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I, Madman

Review by: 
Head Cheeze
Release Date: 
Aspect Ratio: 
Directed by: 
Tibor Takacs
Jenny Wright
Clayton Rohner
Randall William Cook
Bottom Line: 

 I love little surprises. As a hardcore horror fan, there are very few American entries in the genre that I haven't seen, and that number is scaled back even further when it comes to the eighties. You see, I'm a child of the "me decade", and I made it my business to borrow, buy, or rent pretty much anything that came out during that period. Of course, there were a few that slipped under my radar here and there, and I,Madman was one of them. Now, I think I may be able to explain how this one alluded me. Originally, the film was released as Hardcover, did little-to-no business, and was promptly sent off to video stores under its current title. Just the same, I'm actually glad I'm just discovering it now, because it's proof that there are still some treasures from the decade of decadence I've yet to discover.
Virginia (the yummy Jenny Wright) is an aspiring actress who spends her days working in an antique bookstore, and her evenings curled up with a good scary read. When the bookstore receives the contents of an estate sale, among them are a pair of novels by an obscure author named Malcolm Brand (Cook). Virginia becomes obsessed with his Lovecraftian style and seeks out his only other book, I, Madman. When the book shows up on her doorstep, she assumes her co-worker Mona had delivered it for her, and digs right in. The novel tells the story of a lovelorn doctor who removes his own facial features in a fit of hopeless rage after being turned away by the object of his affection, Anna. Virginia begins seeing a strange man following her around the city, and as she gets deeper into the book, the crimes from its pages begin to occur in real life, down to the last grisly detail. Virginia realizes that the madman from the book is now flesh and blood, and thinks she's Anna. Now he's now come to claim her heart, one way or another!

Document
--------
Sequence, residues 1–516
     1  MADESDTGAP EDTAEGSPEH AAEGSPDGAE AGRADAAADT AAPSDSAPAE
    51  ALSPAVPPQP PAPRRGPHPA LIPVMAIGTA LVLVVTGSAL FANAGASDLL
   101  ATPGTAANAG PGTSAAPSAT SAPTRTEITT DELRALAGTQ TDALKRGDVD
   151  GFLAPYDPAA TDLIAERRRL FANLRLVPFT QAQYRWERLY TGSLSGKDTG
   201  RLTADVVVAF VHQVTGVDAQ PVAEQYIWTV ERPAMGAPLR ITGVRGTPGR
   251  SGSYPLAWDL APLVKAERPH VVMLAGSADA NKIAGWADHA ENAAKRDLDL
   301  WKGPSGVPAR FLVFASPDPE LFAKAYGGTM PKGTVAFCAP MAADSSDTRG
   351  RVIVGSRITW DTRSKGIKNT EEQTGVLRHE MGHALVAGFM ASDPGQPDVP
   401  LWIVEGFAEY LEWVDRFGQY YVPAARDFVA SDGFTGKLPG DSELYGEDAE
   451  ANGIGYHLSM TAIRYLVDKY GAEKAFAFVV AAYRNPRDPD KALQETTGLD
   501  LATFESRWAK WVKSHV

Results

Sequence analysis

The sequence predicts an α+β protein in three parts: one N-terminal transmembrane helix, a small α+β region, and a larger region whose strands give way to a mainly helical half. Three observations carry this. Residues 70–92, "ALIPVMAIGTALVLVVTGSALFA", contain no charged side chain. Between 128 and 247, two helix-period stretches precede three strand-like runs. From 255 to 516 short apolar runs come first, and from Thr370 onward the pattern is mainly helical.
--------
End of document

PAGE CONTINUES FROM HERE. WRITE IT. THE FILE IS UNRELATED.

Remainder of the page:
I, Madman is a really fun little horror flick that wears it's pulp novel influences proudly on its sleeve. I can understand how this film didn't really prosper in the waning days of the slasher fueled 80's, seeing that it's a somewhat tongue-in-cheek affair that has more in common with the old EC Comics style chillers of the fifties and sixties, but it's a shame that it didn't catch on in its video afterlife. Director Tibor Takacs certainly showed a flair for fright, with lots of wonderfully staged suspense sequences and a clever execution of Virginia's fantasy world and reality intertwining. Jenny Wright, whose apparently fallen off the face of the Earth since 1992's Lawnmower Man, is perfect as the bookishly sexy Virginia, as is Special Effects Wizard Randall William Cook (an Oscar winner for his creature design in the Lord of the Rings Trilogy) as the tragic "madman", Malcolm Brand. Cook had designed the make-up appliances and convinced director Takacs that he was the man for the role, resulting in a wonderfully realized antagonist that seems straight out of the golden age of Hollywood horror. Even the film's dated effects work plays to its strengths in that it somehow enhances the cheerily low-budget pulp feel.
The DVD from MGM features a very solid transfer, but, sadly, it's fullscreen. I did a little digging and found that the film was released on laser disc several years ago, and was also fullscreen, so this may be the only useable print available.
I was very pleased with this one. It's always nice to throw in a movie with zero expectations and find yourself grinning with satisfaction upon its conclusion, and that is the case with I, Madman. Good, solid fun!

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